An appointed second chamber maintains the current broad range of membership of the House of Lords rather than creating more professional politicians and it does that for free. It doesn’t threaten the democratic supremacy of the House of Commons. As a second chamber, it's only purpose is to scrutinise hence permanent appointment by an elected government is more cost effective than election. 

Having the House of Lords as an elected chamber causes more problems than it solves: with two elected chambers, the House of Commons would no longer be supreme. The chamber would be full of professional politicians rather than attracting individuals with a wealth of knowledge and experience in a vast range of fields.It isn’t clear how often elections should be and additional elections would cause additional costs.

Abolishing the House of Lords means the standard of scrutiny of legislation would drop in a unicameral system. The House of Commons would have too much power without a revising second chamber. The bicameral system is ingrained in British political culture and has historically worked well.

 

 

 

Edited by His_Majesty_Jimmy_I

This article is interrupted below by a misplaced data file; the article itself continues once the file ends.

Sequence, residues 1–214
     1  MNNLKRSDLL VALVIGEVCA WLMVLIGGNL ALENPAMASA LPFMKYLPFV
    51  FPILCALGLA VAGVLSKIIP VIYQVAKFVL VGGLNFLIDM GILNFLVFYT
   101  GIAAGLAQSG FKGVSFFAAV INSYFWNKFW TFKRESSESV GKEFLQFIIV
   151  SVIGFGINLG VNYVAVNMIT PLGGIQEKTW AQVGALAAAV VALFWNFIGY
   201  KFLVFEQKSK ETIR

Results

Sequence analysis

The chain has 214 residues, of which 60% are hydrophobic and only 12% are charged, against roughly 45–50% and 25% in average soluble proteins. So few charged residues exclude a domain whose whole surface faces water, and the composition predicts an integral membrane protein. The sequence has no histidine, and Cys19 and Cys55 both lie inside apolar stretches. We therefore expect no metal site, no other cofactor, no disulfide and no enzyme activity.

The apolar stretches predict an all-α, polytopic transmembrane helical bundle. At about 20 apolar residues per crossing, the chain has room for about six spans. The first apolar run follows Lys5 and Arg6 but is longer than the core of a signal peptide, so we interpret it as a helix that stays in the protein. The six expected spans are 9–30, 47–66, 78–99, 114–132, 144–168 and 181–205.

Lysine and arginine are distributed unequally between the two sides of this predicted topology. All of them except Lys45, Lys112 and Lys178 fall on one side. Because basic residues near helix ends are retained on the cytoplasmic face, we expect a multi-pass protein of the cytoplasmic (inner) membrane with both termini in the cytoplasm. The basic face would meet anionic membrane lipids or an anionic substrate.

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ragreynolds    760
1 hour ago, His_Majesty_Jimmy_I said:

5/10

Free education should be a right but the taxpayer should not pay for your tuition fees, you should instead get a tuition fee loan from the goverment. Healthcare should be free at the point of service but if you want plastic surgery, sex changes act you should pay for it. 

The rest I agree from the point of right of property but no the government shouldn't offer you a free home or free food but make sure it helps you get a job where you keep most of your salary instead of give it in as taxes. We are not North Korea!

____

An appointed second chamber maintains the current broad range of membership of the House of Lords rather than creating more professional politicians and it does that for free. It doesn’t threaten the democratic supremacy of the House of Commons. As a second chamber, it's only purpose is to scrutinise hence permanent appointment by an elected government is more cost effective than election. 

Having the House of Lords as an elected chamber causes more problems than it solves: with two elected chambers, the House of Commons would no longer be supreme. The chamber would be full of professional politicians rather than attracting individuals with a wealth of knowledge and experience in a vast range of fields.It isn’t clear how often elections should be and additional elections would cause additional costs.

Abolishing the House of Lords means the standard of scrutiny of legislation would drop in a unicameral system. The House of Commons would have too much power without a revising second chamber. The bicameral system is ingrained in British political culture and has historically worked well.

 

 

 

Please reduce this to one sentence.

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1 hour ago, His_Majesty_Jimmy_I said: